UCR Stem Cell Labs Receive 5 New Grants from TRDRP

The Tobacco-Related Disease Research Program of California (TRDRP) awarded five new research grants to UCR students and faculty working with stem cells. Four of the awards began August 1 of this year and one will begin August 1 of 2012.

Ivann Martinez, a PhD student with Dr. Nicole zur Nieden and a member of the Cell Molecular and Developmental Biology graduate program, received a predoctoral fellowship to study the effects of secondhand smoke from conventional cigarettes on the process of osteogenesis. He will be specifically examining sidestream smoke, which burns off the end of a cigarette and which passive smokers and well as active smokers inhale. Ivann will be differentiating osteocytes from human embryonic stem cells and examining the effect of sidestream cigarette smoke on their differentiation. Ivann is also an IIGERT fellow and will bring video bioinformatics analysis tools to this project.

Dr. Sabrina Lin received a postdoctoral fellowship that will fund her research on harm reduction tobacco products for three years. Dr. Lin will be using human embryonic stem cells and human neural stem cells to access the effects of new harm reduction products on prenatal stages of development. There are numerous studies linking tobacco use with reproductive deficits, but little is known about how harm reduction products affect reproduction. Dr. Lin will be examining the potency of new harm reduction products and will also be identifying chemicals in these products that may make them more potent than their conventional tobacco products.

Rachel Behar, a Ph.D student with Dr. Prue Talbot and a member of the Cell Molecular and Developmental Biology graduate program, received a two year Cornelius Hopper Award to support her work on electronic cigarettes. Electronic cigarettes are a new type of nicotine delivery device that work be heating fluid containing nicotine, a humectant, and flavorings. The aerosol created by heating this fluid can be inhaled by the user without having to burn tobacco. Rachel will evaluate the toxicity of fluid and aerosol from electronic cigarettes using human embryonic stem cells, which model one of the earliest stages of prenatal development. Electronic cigarettes are often thought to be less harmful than conventional cigarettes as they contain many fewer chemicals. However few studies have yet directly evaluated the cytotoxicity of electronic cigarettes.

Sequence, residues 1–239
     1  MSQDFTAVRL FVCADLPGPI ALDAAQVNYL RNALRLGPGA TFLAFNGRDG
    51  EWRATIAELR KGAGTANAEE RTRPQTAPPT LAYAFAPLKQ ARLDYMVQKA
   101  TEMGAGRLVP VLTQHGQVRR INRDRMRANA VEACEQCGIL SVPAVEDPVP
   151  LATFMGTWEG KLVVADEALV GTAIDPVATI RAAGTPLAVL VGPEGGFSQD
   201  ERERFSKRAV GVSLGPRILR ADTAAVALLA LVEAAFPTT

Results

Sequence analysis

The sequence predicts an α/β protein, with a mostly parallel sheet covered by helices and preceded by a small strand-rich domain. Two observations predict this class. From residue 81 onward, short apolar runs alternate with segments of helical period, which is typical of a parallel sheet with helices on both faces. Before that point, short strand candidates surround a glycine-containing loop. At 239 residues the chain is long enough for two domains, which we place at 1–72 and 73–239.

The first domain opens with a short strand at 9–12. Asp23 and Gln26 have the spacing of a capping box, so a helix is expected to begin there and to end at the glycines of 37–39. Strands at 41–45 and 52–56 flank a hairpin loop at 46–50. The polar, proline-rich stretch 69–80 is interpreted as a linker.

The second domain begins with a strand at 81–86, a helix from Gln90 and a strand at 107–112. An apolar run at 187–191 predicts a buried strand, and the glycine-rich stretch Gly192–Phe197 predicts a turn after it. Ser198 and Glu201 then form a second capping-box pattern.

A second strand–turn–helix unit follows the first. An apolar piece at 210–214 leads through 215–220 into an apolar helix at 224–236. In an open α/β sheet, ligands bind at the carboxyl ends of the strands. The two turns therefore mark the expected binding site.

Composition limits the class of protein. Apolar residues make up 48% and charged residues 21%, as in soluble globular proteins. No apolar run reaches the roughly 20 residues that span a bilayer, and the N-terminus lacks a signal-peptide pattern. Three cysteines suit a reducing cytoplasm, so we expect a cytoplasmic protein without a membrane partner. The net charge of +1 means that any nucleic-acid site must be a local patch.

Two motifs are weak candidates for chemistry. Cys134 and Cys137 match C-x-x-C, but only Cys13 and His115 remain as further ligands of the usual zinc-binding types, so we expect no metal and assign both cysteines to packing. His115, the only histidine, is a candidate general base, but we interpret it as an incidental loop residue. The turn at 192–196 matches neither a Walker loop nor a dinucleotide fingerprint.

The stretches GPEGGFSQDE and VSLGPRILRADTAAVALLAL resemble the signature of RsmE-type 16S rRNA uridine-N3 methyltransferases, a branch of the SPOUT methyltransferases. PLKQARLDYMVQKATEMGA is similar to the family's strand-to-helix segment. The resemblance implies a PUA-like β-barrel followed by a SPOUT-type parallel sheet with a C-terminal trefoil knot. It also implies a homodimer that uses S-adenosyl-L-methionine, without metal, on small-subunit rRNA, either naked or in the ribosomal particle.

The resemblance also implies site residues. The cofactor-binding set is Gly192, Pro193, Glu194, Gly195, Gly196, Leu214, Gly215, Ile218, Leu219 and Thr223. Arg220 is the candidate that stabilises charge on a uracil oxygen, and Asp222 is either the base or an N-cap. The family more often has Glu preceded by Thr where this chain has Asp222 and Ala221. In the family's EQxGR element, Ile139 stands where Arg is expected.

Dr. Prue Talbot, a Professor of Cell Biology and Neuroscience and Director of the UCR Stem Cell Center and Core, received a new grant to evaluate the cytotoxicity of electronic cigarette fluid and aerosol. Her lab will determine if electronic cigarette products affect survival of human embryonic stem cells and will further identify the specific chemicals which are cytotoxic. Dr. Talbot also received funding for a project dealing with thirdhand smoke, which is the smoke residue that adheres to surfaces after conventional tobacco products have been used. A new consortium has begun working on thirdhand smoke in California this year. Dr. Talbot's lab will be part of the consortium and will begin work on this project in 2012.

Posted 8-18-2011

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